People Moves APAC: Lenovo, Knight Frank, KPMG, Mahindra
It’s been busy week across Asia Pacific with hires spanning industries, from insurance and real estate to technology, consulting and banking, and countries, from India to Singapore to Hong Kong, and includes two hiring firsts and the appointment of 10 new Partners at KPMG Singapore, brought in to "navigate these uncertain times", says KPMG Singapore Managing Partner Pang Thye Ong.
Here’s Business Chief’s weekly roundup of the biggest executive moves in EMEA, March 25-31.
Karim Gilani named President, International Hubs, Sun Life
Currently serving as Sun Life Asia’s CFO, Karim Gilani has been promoted to the role of President, International Hubs, which is Sun Life’s businesses in Hong Kong, Bermuda, and Singapore. Having previously held a variety of leadership roles in risk, actuarial, products, reinsurance and consulting at ManuLife and Swiss Re. Gilani joined Sun Life in 2015 becoming CFO in 2017, where he build a strong network and a deep understanding or the firm’s strategic agenda in Asia. “His extensive knowledge of our business and his strategic and financial leadership will be invaluable as we continue to grow our Hong Kong MPF and life and health insurance businesses,” says Leo Grepin, Sun Life President.
Amar Babu to lead Lenovo’s operations in Asia Pacific
Lenovo veteran Amar Babu has been promoted to Vice President of Lenovo Services Operations and will lead the Chinese tech titan’s business in Asia pacific. Babu joined the Chinese tech titan in 2007, first serving as Managing Director, Lenovo India, where he grew the firm’s PC market share from 8% to 20% in less than a decades, and more recently, since 2018, serving as VP & Service Operations Leader of Lenovo Intelligent Devices Group. This new role will see Babu in charge of PC, smart devices, mobile and data centre businesses for the vendor across nine Asia pacific countries.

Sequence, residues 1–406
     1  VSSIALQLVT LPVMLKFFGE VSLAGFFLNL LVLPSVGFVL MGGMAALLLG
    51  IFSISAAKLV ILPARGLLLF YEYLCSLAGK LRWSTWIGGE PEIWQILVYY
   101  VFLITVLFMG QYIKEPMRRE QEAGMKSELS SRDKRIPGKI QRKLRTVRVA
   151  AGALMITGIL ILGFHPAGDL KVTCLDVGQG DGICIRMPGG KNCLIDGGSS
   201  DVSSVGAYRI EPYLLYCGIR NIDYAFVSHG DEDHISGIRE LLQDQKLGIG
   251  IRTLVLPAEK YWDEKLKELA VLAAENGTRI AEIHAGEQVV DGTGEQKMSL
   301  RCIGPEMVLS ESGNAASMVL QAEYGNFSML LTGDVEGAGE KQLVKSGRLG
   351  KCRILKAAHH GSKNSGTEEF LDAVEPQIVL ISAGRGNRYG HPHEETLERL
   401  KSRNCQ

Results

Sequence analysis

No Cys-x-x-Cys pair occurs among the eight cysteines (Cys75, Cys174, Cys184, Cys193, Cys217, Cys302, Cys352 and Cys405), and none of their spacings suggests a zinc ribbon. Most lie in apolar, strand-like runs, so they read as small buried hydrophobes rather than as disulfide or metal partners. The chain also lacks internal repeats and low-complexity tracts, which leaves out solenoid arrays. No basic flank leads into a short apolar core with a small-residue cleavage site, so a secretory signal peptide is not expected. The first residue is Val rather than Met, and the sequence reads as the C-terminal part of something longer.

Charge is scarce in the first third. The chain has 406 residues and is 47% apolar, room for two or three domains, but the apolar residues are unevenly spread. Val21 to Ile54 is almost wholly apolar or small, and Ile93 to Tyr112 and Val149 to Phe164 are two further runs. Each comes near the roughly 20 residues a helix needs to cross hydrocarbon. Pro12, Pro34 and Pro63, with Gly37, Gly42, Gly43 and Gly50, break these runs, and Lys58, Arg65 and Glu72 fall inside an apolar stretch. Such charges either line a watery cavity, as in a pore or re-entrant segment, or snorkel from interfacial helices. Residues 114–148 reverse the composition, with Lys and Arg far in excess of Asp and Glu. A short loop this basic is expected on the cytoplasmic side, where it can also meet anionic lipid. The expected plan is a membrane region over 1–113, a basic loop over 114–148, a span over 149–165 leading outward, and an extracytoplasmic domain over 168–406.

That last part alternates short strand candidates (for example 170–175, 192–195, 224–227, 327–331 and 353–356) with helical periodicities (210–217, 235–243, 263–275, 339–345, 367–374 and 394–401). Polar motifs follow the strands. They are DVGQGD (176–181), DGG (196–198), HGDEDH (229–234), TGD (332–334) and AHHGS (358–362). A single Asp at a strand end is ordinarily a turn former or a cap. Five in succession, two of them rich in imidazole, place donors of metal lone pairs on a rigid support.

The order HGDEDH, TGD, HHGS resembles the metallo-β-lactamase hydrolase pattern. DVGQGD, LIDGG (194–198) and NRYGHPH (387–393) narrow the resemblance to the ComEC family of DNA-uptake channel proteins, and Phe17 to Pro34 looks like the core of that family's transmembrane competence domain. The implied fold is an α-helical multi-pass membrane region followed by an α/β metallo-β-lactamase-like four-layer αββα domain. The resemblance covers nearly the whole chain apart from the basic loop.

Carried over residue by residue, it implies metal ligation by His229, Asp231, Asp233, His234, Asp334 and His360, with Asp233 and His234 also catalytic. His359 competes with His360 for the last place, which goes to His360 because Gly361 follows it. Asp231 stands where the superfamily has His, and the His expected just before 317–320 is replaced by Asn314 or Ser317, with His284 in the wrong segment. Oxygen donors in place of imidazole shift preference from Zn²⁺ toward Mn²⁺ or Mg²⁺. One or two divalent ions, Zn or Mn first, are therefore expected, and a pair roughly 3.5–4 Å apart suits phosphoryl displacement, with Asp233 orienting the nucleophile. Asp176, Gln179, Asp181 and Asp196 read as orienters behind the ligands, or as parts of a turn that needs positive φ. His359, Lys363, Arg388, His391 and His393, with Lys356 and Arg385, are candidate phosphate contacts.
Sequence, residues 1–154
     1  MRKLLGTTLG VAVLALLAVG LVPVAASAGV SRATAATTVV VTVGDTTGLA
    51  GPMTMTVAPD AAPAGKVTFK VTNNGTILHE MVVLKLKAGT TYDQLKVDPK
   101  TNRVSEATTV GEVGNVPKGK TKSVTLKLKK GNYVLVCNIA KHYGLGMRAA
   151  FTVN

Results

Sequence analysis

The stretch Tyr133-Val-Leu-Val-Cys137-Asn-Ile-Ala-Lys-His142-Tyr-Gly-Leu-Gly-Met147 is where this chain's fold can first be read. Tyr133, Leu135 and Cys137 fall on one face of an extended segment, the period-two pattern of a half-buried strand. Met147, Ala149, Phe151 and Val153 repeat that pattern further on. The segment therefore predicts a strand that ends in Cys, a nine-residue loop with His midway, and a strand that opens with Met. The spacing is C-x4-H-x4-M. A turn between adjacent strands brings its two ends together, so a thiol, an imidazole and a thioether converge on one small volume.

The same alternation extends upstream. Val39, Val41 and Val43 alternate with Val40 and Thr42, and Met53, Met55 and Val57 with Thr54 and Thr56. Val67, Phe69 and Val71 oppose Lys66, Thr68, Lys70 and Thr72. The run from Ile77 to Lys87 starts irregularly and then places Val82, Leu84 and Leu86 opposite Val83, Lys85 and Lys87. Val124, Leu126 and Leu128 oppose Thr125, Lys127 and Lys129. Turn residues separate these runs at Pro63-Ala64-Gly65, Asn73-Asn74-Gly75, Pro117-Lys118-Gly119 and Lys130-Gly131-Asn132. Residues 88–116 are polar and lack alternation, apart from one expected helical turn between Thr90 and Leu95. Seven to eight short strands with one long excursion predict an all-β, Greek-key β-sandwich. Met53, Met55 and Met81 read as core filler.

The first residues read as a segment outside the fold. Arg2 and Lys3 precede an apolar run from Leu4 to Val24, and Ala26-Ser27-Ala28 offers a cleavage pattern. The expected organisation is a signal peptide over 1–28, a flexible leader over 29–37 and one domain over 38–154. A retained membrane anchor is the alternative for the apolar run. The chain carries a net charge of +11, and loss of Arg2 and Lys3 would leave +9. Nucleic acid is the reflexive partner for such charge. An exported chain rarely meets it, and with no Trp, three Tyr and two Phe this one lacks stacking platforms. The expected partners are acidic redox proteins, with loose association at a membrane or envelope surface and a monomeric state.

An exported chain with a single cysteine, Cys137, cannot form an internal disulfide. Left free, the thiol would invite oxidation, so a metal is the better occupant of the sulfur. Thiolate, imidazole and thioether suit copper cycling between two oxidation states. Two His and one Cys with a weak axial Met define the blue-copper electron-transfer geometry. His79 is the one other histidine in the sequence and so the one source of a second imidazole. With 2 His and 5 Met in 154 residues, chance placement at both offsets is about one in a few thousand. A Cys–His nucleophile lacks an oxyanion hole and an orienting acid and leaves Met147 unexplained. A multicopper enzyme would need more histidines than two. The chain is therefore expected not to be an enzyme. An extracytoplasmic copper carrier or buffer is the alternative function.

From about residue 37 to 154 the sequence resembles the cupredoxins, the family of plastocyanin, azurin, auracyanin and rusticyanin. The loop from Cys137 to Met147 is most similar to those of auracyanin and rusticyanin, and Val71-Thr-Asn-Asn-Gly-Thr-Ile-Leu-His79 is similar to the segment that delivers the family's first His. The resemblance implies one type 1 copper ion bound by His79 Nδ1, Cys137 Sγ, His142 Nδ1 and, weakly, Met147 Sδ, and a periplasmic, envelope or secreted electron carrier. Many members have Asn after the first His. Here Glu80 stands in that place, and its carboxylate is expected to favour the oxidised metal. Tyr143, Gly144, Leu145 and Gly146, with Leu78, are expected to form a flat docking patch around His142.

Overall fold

Anish Shah appointed CEO of Mahindra Group
Following the succession last year of Anand Mahindra to role of non-executive chairman, Anish Shah has become the first professional MD and CEO in the history of Indian multinational corporation, the Mahindra Group, and will have complete oversight of and responsibility for the Mahindra Group businesses.
Currently serving as the Deputy Managing Director and Group CFO for the Group, prior to joining Mahindra in 2015, Shah spent 14 years at GE Capital India, where as CEO, he led the transformation of the business, including a turnaround of its SBI Card joint venture, and prior to that served as a strategy consultant with Bain & Company in Boston. Describing Shah as “the right leader for the Mahindra Group”, Anand Mahindra adds that Shah “embodies the spirit of Rise and brings an exceptional leadership track record, strong international exposure and a unique ability to forge long-standing relationships with our customers, partners and our employees”.
Neil Brookes to lead Global Capital Markets at Knight Frank
Currently serving as head of APAC capital markets and based in Singapore, Neil Brookes has been promoted to global head of capital markets, making him the company’s first global level leader outside the UK.